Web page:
Nearly 50 years ago, Gordon Moore suggested that the number of transistors that could be placed on a silicon chip would continue to double at regular intervals for the foreseeable future. Known as Moore’s law, the truth of that observation has made computers cheap and ubiquitous. Cellphones are so inexpensive there are now more than six billion of them—almost one for every person on the planet.
Moore’s Law has also made mass automated surveillance dirt cheap. Government surveillance that used to cost millions of dollars can now be carried out for a fraction of that.
We have yet to fully grasp the implications of cheap surveillance. The only thing that is certain is that we will be seeing a great deal more surveillance—of ordinary citizens, potential terrorists, and heads of state—and that it will have major consequences.
In the past, surveillance was labor intensive. Twice as much surveillance required twice as many people and cost twice as much. But when surveillance became automated, its cost declined exponentially.
To understand the economics of surveillance, it is worth looking more closely at Moore’s Law.
In 1965 Gordon Moore observed that the number of transistors on a single chip had doubled every year since the invention of the integrated circuit in 1958. Since that time, his Law has been modified. The increase in transistor count has slowed to around 40 percent per year. A number of similar predictions have been made about exponential rates of increase in network capacity, pixels, and magnetic storage. Many of those predictions have proven true.
These technologies are the building blocks for surveillance systems. If you combine a number of technologies that are improving at the rate of 40 percent a year in a system, you can end up with systems whose performance is increasing even faster. Consider computer systems.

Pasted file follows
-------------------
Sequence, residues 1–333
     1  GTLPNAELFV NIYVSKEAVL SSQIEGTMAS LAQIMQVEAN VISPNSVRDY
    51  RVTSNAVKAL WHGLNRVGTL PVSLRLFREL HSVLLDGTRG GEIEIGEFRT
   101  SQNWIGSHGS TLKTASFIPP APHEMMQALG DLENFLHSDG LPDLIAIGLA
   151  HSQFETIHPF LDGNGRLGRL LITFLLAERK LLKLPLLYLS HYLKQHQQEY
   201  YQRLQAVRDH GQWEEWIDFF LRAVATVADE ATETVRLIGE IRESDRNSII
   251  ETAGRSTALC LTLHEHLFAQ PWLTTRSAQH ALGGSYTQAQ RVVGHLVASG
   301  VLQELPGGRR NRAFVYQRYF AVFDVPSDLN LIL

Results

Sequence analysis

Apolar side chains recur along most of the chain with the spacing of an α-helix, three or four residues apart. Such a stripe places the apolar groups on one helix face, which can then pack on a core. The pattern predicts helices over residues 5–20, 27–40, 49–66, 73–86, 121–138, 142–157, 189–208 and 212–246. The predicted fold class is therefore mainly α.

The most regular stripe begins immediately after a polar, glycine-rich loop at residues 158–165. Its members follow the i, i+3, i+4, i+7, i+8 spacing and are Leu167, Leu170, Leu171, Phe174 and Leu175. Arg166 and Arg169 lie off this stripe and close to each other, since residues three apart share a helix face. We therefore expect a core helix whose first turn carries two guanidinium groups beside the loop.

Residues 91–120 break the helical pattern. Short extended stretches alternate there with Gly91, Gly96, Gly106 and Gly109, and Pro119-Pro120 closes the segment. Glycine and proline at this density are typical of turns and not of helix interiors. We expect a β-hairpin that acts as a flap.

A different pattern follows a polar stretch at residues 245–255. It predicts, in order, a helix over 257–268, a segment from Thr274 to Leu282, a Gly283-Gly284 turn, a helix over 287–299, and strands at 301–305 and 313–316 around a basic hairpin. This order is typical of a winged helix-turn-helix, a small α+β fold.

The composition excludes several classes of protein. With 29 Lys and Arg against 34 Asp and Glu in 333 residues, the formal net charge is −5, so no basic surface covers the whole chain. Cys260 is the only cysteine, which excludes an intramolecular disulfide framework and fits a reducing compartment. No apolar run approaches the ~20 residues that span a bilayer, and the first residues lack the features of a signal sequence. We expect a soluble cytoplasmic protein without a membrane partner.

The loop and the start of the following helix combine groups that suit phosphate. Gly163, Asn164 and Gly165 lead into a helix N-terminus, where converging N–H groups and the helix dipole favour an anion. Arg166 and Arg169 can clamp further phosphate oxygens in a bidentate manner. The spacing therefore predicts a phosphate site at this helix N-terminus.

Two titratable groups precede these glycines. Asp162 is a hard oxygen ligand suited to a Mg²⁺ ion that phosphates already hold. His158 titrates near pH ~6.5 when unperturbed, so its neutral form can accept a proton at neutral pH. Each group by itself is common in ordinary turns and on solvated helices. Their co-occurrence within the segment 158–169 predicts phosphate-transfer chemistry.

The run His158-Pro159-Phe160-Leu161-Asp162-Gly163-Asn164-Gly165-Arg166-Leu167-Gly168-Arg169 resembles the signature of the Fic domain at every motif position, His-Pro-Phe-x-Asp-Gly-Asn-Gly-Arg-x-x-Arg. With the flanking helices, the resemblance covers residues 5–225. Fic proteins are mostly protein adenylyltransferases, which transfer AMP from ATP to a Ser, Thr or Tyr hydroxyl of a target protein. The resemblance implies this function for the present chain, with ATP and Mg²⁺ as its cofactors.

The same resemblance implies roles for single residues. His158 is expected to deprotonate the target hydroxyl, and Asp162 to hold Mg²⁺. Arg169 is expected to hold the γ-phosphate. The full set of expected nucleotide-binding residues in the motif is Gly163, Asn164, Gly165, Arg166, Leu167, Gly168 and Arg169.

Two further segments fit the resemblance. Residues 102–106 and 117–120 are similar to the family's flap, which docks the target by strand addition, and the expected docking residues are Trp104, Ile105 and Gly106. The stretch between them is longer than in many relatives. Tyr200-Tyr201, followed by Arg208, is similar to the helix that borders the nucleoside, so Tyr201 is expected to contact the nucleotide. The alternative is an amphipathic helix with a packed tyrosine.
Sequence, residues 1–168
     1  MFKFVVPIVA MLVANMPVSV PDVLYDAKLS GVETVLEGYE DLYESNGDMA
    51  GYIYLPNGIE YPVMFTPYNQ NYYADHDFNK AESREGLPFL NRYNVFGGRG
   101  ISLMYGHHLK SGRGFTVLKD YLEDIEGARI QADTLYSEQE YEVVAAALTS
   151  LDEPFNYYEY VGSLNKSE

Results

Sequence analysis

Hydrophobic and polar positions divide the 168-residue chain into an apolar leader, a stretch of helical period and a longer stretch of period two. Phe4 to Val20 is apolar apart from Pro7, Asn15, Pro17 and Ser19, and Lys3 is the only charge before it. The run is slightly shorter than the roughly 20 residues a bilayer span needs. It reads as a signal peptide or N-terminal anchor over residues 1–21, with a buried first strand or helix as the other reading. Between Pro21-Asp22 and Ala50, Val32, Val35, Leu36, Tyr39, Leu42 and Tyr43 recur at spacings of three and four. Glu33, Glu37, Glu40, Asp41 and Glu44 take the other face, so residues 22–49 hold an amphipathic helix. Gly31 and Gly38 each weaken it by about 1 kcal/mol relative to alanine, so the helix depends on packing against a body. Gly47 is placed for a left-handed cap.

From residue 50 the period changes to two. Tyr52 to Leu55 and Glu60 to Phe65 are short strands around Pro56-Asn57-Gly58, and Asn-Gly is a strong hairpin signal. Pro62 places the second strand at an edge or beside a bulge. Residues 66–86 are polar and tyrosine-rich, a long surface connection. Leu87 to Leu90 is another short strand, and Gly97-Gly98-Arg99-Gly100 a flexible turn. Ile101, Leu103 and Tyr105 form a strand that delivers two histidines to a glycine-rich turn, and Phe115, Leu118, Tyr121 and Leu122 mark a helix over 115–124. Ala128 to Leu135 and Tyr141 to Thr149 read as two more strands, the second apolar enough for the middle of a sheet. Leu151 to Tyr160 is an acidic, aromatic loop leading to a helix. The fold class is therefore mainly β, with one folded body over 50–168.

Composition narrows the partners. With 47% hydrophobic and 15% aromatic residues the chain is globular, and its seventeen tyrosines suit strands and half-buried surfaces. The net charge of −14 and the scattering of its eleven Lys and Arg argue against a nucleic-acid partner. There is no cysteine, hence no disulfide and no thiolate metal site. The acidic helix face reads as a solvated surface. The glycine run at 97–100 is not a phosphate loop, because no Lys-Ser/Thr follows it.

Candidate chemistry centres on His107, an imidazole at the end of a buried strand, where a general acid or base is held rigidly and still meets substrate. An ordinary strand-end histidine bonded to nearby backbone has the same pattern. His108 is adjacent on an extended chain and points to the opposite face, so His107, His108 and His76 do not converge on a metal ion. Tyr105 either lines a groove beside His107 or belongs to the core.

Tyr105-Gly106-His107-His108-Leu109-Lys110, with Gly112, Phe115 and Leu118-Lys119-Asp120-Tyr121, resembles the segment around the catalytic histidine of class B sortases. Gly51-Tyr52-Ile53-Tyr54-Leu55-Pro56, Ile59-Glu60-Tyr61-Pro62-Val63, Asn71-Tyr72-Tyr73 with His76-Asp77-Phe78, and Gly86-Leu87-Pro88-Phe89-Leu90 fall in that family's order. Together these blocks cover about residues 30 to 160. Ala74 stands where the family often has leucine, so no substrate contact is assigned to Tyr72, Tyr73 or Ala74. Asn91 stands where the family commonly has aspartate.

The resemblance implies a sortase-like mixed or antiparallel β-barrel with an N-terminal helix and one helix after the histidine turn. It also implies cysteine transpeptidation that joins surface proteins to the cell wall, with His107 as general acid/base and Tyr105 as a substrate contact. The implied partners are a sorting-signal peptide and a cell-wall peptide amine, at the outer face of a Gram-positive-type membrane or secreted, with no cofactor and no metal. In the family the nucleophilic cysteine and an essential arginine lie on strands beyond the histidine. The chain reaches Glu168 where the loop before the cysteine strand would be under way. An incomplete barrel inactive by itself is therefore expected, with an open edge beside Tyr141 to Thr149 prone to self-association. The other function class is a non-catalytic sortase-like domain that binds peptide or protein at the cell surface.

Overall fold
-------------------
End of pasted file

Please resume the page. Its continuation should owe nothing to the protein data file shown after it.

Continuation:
Computers combine integrated circuit technology, semiconductor storage, magnetic storage, and network performance into a single system. As a result in the 1990s, while the transistor counts were increasing at a 40 percent rate, system processing power was growing at an 80 percent rate.
Something growing at the rate of 80 percent a year increases by a factor of more than 300 in ten years. If the capability of surveillance systems were to increase at this rate, in ten years a dollars’ worth of today’s surveillance could be bought for fractions of a penny. Applications that were not feasible at a dollar suddenly are practical. These types of advances made the NSA collection of metadata feasible.
And if the capability of surveillance systems continues to increase at this rate, technologies that, say, identify people’s faces when they enter a store or board a plane are suddenly practical.
To my mind, there are two broad classes of automated surveillance— participatory and involuntary, and the line that separates them is fuzzy. Participatory surveillance arrived with the widespread use of the Internet. During this period users were actively involved in exposing their information over the Internet when they provided personal information in the course of purchasing products, searching for information, or interacting on social networking sites.
People were voluntary participants in the surveillance process even if they did not fully understand its implications. When they granted companies the right to use their information, they got services of great value in return.
Consciously or not, users were monetizing their privacy. That is, they traded information about themselves and access in virtual space and got free services in exchange. Amazon captured customer information and in return provided better selection and service, like one click shopping.
Google, founded in 1998, provided valuable free search in return for serving up targeted ads to users. Facebook provided communities, timelines, and “walls” for people wanting to network. Facebook users—now numbering more than a billion—received these services free in return for allowing Facebook to use their information.